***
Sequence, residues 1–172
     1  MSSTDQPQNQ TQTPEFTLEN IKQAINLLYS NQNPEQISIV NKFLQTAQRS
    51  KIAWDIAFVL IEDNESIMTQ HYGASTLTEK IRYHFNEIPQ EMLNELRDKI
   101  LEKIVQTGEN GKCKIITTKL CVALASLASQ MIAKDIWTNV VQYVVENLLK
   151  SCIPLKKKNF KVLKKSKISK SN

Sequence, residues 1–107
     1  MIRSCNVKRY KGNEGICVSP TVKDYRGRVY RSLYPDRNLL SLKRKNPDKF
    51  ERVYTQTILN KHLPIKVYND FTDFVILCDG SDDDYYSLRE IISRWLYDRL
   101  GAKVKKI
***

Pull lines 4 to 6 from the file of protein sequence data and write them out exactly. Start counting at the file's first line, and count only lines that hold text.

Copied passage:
   101  LEKIVQTGEN GKCKIITTKL CVALASLASQ MIAKDIWTNV VQYVVENLLK
   151  SCIPLKKKNF KVLKKSKISK SN

Sequence, residues 1–107